Pensions

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When can I draw my NHS pension benefits?

2015 NHS pension scheme

Read the monthly updates written by the BMA Head of Pensions over the last year to help you familiarise yourself with the new 2015 NHS Pension Scheme which launched on 1 April 2015.

Start with our general overview of the scheme:

1  Stay one step ahead - get the basics of the scheme
2  When can I draw my pension benefits?
3  Auto-enrolment and National Insurance rebates
4  Opting out of the NHS Pension Scheme
5  Choice 2 exercise
6  Contributions
7  Are you ready for Choice 2?
8  What happens to my Mental Health Officer status?
9  BMA response to the 2015 NHS Pension Scheme draft regulations
10  Have you received your 'Choice 2' letter?
11  Act now to make your choice 2 decision
12  A recap on the basics of the 2015 NHSPS

 

In this second update on the 2015 NHS Pension Scheme (NHSPS) we are going to look at the position for doctors who have a mixture of benefits in different sections of the NHS Pension Scheme and when they can draw them.

The existing NHS Pension Scheme has two sections: the 1995 and 2008 sections. A new NHS Pension Scheme will be introduced on 1 April 2015 and will be called the NHS Pension Scheme 2015.

The 1995 section has a normal pension age (NPA) of 60. This means that at age 60 doctors can draw their pension and lump sum benefits at an unreduced rate.

In the 2008 section the NPA is 65 and in the 2015 Scheme NPA will be linked to an individual's State Pension Age (SPA), or age 65 if that is later. Benefits drawn prior to NPA are usually subject to an actuarial reduction because they are being paid earlier than anticipated and for longer.

The government has announced two forms of protection as part of the transitional changes to introduce the NHS Pension Scheme 2015. Full protection applies to those doctors within 10 years of their normal pension age on 1 April 2012 and tapering protection to those within 13.5 years.

 

Case studies

In order to illustrate these issues we are going to look at the position of four different doctors.

Hugo

Hugo is a 55-year-old GP and a member of the 1995 section.

He was within 10 years of his normal pension age on 1 April 2012 and therefore he has full protection and will not have to join the 2015 Scheme on 1 April 2015. He can continue accruing benefits in the 1995 section and draw his pension and lump sum at age 60 if he wishes. If Hugo draws his pension prior to age 60 it will be actuarially reduced but he can remain in the scheme beyond age 60 as long as he doesn't exceed 45 years calendar service or age 75. If Hugo retires after 1 April 2015 and returns to work in the NHS he will not be able to rejoin the NHS pension scheme.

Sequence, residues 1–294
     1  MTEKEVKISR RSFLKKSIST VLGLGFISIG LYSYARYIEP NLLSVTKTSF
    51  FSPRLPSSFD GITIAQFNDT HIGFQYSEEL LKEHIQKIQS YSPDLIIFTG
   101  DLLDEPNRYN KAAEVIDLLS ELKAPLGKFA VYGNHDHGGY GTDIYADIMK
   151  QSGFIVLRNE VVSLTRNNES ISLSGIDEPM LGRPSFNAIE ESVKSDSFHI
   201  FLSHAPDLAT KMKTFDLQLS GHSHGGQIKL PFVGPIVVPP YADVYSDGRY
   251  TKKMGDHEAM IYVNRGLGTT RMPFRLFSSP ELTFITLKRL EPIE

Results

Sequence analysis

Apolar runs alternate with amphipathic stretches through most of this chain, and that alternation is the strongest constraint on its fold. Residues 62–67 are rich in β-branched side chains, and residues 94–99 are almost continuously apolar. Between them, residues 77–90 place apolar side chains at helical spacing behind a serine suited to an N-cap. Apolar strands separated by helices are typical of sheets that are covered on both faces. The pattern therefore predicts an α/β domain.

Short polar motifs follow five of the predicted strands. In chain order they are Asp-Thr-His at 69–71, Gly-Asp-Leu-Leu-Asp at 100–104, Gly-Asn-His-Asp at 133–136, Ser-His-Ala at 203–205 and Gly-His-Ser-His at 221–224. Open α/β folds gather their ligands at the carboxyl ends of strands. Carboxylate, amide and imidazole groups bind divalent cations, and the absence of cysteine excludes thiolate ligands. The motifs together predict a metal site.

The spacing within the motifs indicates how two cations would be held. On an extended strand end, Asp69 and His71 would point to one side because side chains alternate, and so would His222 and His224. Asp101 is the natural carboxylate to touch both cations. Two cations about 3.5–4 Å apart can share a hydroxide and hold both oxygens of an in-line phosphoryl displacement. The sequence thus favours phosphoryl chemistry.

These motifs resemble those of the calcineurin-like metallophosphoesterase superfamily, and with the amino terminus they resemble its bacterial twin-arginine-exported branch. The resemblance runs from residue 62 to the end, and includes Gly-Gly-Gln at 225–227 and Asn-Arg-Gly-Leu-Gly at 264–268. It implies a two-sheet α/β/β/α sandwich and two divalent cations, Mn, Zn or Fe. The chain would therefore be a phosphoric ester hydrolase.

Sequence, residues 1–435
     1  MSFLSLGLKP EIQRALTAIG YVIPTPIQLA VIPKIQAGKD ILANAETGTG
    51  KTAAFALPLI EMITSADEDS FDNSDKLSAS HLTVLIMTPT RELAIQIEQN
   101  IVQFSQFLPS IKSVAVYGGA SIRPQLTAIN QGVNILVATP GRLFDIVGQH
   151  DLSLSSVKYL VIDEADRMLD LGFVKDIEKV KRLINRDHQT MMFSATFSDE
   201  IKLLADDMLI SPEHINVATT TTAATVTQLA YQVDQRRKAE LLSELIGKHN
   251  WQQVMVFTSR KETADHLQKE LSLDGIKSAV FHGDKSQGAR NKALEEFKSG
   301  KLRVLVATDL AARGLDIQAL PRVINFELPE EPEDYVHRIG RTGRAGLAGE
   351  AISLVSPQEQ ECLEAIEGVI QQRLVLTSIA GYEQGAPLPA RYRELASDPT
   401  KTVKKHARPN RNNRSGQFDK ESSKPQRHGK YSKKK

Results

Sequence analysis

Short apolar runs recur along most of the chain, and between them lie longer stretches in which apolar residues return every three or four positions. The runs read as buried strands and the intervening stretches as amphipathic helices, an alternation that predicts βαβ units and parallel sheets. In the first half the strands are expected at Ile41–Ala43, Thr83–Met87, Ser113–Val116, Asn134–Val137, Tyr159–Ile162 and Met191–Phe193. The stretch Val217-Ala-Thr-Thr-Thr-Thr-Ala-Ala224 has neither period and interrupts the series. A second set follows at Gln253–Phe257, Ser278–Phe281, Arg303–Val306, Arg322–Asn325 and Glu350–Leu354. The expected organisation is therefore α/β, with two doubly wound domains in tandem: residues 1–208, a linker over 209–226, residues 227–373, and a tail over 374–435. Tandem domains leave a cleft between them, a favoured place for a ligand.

Kellie

Kellie is a 43-year-old consultant who opted to move to the 2008 section of the scheme under the 'Choice Exercise'.

She was more than 13.5 years from her normal pension age (NPA) on 1 April 2012 so will not receive any form of protection. She will therefore join the 2015 Scheme on 1 April 2015. Having transferred from the 1995 section to the 2008 under the 'Choice Exercise', Kellie has a NPA of 65. Kellie accrued 20 years of final salary pension in the 2008 section. This will be linked to her reckonable salary at retirement, which means that she will benefit from any future pay increases. These benefits are called protected rights.

From 1 April 2015 Kellie will start to build up benefits in the 2015 Scheme under Career Average Revalued Earnings (CARE) accrual. She will be able to draw her protected rights from the 2008 section at age 65 and either draw her 2015 Scheme benefits at the same time (they would be subject to an actuarial reduction) or leave them in the scheme until her State Pension Age (SPA) of 67. If Kellie draws her benefits from the 2008 Section and returns to work then providing she has taken the appropriate break in service she would be able to build up further benefits in the 2015 Scheme.

Moussa

Moussa is a 37-year-old Staff Grade doctor and a member of the 1995 section.

He was more than 13.5 years from his normal pension age (NPA) on 1 April 2012 so will not receive any form of protection. He will therefore join the 2015 Scheme on 1 April 2015. Moussa accrued 10 years of final salary pension in the 1995 section. This will be linked to his actual salary at retirement, which means that he will benefit from any future pay increases.

From 1 April 2015 Moussa will start to build up benefits in the 2015 Scheme under Career Average Revalued Earnings (CARE) accrual. He will be able to draw his protected rights from the 1995 section at age 60 and either draw his 2015 Scheme benefits at the same time or leave them in the scheme until his State Pension Age (SPA) of 68. If Moussa draws his benefits from the 1995 Section and returns to work he would not be able to build up further benefits in the 2015 Scheme. If he draws his 2015 section benefits at age 60 (with his 1995 Section benefits) then the 2015 Scheme benefits would be actuarially reduced.

Beatrice

Beatrice is a 22-year-old medical student who will start work in April next year and immediately join the 2015 Scheme.

She will join the NHS Pension Scheme for the first time on 1 April 2015. She will accrue benefits under the CARE method and her State Pension Age (SPA) is 68. However as Beatrice has a long time until retirement, she realises that because her NHS normal pension age (NPA) is linked to her SPA that it is likely to increase during her career if the Government increase the SPA due to improving mortality rates.

What's next?

Read the next update for June which focuses on the process of auto-enrolment and National Insurance rebates

If you have any questions or points to make then please contact the Pensions team.